Baruthane Avenue perpendicularly ascends from the beginning of Dolapdere Avenue, a mysterious valley of shady night clubs, hotels and auto repair shops. It passes through our dear neighborhood of Kurtuluş, at one point intersecting with its main street and continuing on in a more commercial character.
The first few blocks of Baruthane are lined with a smattering of restaurants, barbers, television repair shops and dry cleaners, though in recent years a flurry of third-wave coffee shops and bars has arrived on the street. While this is a positive development for the young adults that patronize these establishments, there is the inevitable concern that their proliferation will cause a spike in rents and tarnish the quaint character of this beloved neighborhood.
It is for this reason that we were thrilled to see a new establishment open up on Baruthane that reflects the classic small-business character that makes this area so special. Köy Börek is run by Abdullah Kral, a cheerful 53-year-old teddy bear of a man who makes some of the most delicious börek we’ve ever had – and we’ve had a lot. (Kral means king in Turkish, and we are prepared to crown Abdullah bey the king of börek.)
Börek is a savory pastry prepared with thin sheets of a phyllo-like dough and stuffed with either spiced ground beef, spinach, potato, cheese or a combination thereof. On any main street in Istanbul it’s easy to come across half a dozen shops selling the flaky goodness, and Kurtuluş is no exception. But more often than not, these börek shops can be mediocre and indistinguishable from the innumerable establishments throughout the city. At these underwhelming spots, the dough often dominates the paltry filling and some places let their börek rest on a heated stainless-steel counter, ensuring it stays warm and making it unpleasantly brittle in the process.
This is not the case at Köy Börek, where Abdullah bakes small trays fresh daily, preparing some 14 different kinds of börek. There is the Adana su böreği, which – instead of small crumbles of cheese often found in standard su böreği (boiled börek) – is made with lavish layers of kaşar cheese from Hatay, the same kind used in the legendary regional dessert künefe. Abdullah’s versions all come with that splendid melty cheese and either minced meat, spinach or mushroom. All are excellent, though the mushroom is both rare and divine. Then there is the Boşnak böreği, Bosnian-style börek, that is baked in a large spiral or in smaller spherical morsels. Abdullah’s is of the latter variety, and the kıymalı (minced meat) version is rich with ample chunks of beef nestled within the dough.
“I don’t eat to live, I live to eat,” Abdullah bey says matter-of-factly. This is a labor of love, the product of a gastronomic hobby that he has maintained since his teenage years. Hailing from the city of Bursa, he later studied economics and worked for decades in the textile industry, which enabled him to travel across the world and experience the cuisines of Latin America. He has since retired and is due to receive his pension soon; the shop keeps him busy in the meantime. Previously operating out of a larger storefront in the neighboring Feriköy, business was slow, so Abdullah moved to Kurtuluş, in a tiny, cozy two-story location wedged in between a butcher and a fishmonger. Word has started to get around, and sometimes his trays sell out early.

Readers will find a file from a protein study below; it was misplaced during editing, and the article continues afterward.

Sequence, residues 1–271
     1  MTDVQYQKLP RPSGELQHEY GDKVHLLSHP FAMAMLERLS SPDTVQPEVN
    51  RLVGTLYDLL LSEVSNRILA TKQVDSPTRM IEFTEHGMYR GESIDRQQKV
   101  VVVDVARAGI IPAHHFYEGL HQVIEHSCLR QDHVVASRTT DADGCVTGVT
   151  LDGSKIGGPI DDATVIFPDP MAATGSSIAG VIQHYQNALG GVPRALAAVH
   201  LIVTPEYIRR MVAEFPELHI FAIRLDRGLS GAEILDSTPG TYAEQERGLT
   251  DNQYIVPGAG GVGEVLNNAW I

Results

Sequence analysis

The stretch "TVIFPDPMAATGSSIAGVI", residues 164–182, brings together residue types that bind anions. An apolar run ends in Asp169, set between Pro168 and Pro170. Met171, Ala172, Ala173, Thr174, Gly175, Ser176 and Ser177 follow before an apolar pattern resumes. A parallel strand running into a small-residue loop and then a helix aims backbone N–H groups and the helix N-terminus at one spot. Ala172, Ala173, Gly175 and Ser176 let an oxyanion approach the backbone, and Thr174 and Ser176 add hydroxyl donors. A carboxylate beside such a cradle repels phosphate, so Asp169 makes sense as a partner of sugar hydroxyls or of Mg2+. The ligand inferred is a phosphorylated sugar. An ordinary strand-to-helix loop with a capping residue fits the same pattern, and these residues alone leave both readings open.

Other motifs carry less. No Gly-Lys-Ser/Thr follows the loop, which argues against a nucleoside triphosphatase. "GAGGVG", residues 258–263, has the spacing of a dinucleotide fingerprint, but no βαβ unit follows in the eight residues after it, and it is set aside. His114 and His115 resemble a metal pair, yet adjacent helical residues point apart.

“When people tell me that what I make is great, it fills me with joy,” Abdullah says. Everything he makes is indeed great, but the king’s crowning achievement is his spectacular keşiş böreği. Keşiş is the Turkish word for monk, while Keşiş Dağı (Monk Mountain) was the old name for Bursa’s iconic Uludağ (Great Mountain), owing to the monasteries that were once there during the Byzantine times. According to Abdullah, keşiş böreği was among the foods purchased by monks while they made their way to the monastery for a retreat into seclusion. Traditionally prepared with dried, smoked meat (which is currently very expensive in Turkey), Abdullah makes a vegetarian version with a mixture of eggplant, red onions, sweet red peppers and mild green peppers. The result is a smoky, almost meaty flavor that has us shaking our heads in disbelief at its herbivore-friendly status.
If that wasn’t enough, also available is an excellent, fantastically fresh and delicate yaprak sarma, stuffed grape leaves, that Abdullah and his wife roll nearly as thin as cigarettes, as well as baklava and a rotating cast of desserts that can be difficult to find outside of Bursa.
“This is a very interesting area with a complex mosaic of people. Those who live here pay close attention to quality and eat with great gusto,” he says, adding that they demand a consistent high standard that can be difficult to maintain. We don’t doubt that Abdullah has what it takes.
Around the corner from Köy Börek on the intersection of Baruthane Avenue and Türkbeyi Street is a stretch of ivy that hangs proudly over the road, growing over a laundry line and connecting the apartments on either side. As the weather gets nicer, the ivy grows greener and thicker, and it is a serene, pleasant fixture of the neighborhood. We hope Abdullah also continues to stick around to become one as well, even after he receives his pension.